We’ve all heard of green roofs and the good news is that they are becoming a much more common sight in the UK these days, but how many of us have ever seen or heard of blue roofs?
The green roof uses vegetation planted on to a waterproof membrane, which as well as serving an aesthetic function, also provides a habitat for wildlife, helps absorb CO2, and creates an extra layer of insulation to the fabric of a building – on average 25% of heat loss in buildings occurs through the roof. Green roofs also help to reduce the urban ‘heat island’ effect produced where a high density of buildings is found and, of course, they help to absorb rainwater.
Blue roofs could well be the next step towards alleviating the problems caused by high rainfall. They work by capturing the rainwater on a flat roof and slowly controlling the drainage over a period of time, thus reducing the stress placed on normal drainage systems in periods of heavy rainfall.
The Need For New Thinking
While everybody now agrees that green roofs are a good thing, there is still a certain degree of scepticism about blue roofs. People worry about the potential dangers of a rooftop membrane failing and that by storing the water on the roof you are placing extra stress on a building.
Similar concerns were raised when green roofs were first introduced, but now that they have proven to be unfounded and the advantages have been well documented, we are seeing a huge rise in the number of living roofs.
Obviously roofs need to be constructed in such a way to be able to support the extra weight of stored rainfall, but blue roofs tend to cost less than their green counterparts. They can be incorporated onto existing flat roofs and have been successfully piloted in New York City and are set to play a key part in urban storm water management in the future. Blue roofs can even be designed to harvest rainwater that can then be treated via filtration and purification for re-use resulting in zero run-off from the roof.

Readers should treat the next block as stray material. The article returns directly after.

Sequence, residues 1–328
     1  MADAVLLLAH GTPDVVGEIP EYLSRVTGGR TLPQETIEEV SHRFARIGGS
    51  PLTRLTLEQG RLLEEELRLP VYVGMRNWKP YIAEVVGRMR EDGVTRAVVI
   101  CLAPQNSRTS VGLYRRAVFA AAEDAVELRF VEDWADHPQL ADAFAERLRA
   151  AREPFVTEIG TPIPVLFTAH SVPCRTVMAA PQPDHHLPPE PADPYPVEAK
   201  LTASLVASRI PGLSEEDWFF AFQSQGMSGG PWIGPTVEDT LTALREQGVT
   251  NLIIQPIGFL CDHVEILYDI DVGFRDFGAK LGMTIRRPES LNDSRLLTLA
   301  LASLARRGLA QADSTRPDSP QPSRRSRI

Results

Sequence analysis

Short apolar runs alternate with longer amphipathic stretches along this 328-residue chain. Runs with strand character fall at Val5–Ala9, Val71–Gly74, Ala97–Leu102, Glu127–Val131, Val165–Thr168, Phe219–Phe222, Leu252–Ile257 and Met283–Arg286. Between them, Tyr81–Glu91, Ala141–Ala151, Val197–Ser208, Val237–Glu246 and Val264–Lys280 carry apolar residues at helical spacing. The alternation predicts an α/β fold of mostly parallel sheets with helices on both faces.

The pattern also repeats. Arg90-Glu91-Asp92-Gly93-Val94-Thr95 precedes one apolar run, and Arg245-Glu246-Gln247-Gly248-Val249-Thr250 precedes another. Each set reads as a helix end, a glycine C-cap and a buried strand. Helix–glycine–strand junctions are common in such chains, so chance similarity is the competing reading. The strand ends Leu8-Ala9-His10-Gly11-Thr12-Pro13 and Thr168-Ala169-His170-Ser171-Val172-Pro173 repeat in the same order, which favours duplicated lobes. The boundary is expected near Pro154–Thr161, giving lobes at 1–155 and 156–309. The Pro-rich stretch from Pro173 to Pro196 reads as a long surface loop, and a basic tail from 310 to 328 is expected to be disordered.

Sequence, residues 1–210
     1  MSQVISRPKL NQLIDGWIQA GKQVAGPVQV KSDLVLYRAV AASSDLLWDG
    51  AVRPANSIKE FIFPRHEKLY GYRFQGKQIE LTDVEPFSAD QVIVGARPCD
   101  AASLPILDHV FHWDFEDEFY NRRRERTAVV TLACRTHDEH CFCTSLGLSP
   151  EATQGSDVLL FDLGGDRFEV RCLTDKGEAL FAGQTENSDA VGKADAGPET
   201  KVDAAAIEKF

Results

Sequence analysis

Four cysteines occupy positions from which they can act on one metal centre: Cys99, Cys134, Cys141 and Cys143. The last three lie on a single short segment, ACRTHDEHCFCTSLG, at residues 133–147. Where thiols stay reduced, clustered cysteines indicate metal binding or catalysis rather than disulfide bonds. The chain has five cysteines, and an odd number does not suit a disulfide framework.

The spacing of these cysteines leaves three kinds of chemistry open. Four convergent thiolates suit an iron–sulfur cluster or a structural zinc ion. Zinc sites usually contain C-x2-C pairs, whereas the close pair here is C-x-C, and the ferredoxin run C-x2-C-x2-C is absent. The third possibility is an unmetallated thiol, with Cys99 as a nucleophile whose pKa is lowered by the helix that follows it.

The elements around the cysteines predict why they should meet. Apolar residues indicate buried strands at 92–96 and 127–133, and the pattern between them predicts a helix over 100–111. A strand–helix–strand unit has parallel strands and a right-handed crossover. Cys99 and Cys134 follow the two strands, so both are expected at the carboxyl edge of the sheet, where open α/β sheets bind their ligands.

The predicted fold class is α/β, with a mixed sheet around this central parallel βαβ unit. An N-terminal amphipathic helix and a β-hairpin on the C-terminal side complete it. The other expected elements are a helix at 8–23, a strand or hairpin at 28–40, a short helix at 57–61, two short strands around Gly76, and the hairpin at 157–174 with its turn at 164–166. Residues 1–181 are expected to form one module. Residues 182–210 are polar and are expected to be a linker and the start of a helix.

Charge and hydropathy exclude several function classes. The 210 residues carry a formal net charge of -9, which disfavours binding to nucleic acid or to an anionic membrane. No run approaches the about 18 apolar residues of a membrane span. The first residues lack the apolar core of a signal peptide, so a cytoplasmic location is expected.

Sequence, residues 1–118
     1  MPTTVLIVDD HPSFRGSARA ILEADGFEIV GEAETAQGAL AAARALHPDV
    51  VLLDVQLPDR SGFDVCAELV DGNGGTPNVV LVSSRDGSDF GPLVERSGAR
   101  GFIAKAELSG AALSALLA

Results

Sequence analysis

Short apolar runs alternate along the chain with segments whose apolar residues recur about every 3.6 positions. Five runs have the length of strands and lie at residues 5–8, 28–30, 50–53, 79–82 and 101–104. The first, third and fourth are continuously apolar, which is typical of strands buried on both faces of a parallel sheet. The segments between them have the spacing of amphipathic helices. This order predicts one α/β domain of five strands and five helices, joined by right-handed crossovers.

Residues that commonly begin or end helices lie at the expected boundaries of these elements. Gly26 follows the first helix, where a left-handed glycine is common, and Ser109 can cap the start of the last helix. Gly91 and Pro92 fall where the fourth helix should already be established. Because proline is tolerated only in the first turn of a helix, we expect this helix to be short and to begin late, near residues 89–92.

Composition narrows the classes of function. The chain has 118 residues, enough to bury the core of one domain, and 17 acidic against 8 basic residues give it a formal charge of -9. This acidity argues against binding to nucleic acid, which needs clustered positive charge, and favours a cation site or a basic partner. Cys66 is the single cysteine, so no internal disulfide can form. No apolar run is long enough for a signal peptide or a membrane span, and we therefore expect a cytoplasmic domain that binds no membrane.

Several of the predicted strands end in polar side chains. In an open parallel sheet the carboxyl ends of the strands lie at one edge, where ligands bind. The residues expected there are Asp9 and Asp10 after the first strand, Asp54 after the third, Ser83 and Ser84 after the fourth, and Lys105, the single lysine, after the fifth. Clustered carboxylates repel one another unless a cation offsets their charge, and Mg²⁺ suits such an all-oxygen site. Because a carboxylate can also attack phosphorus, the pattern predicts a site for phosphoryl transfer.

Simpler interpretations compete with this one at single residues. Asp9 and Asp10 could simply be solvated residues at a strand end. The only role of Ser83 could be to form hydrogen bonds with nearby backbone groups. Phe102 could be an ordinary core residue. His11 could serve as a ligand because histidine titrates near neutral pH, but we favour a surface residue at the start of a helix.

As our climate changes and the demands placed on the environment continue to grow we need to develop the technology to combat flooding and improve our understanding of why these events happen and how we can deal with them. Such technologies and solutions may sometimes appear expensive at first glance, but the cost of urban flooding far exceeds any short-term costs involved in the building process.
The concept of the blue roof is not new, but it hasn’t yet received the attention of urban planners and architects in the same way that green roofs have. Perhaps now, in the wake of one of the wettest years on record, that might well start to change.
Fraser Ruthven is the Marketing Associate for London Drainage Facilities, one of London’s leading drainage companies. London Drainage provides a wide range of drainage diagnostic and repair services in and around London.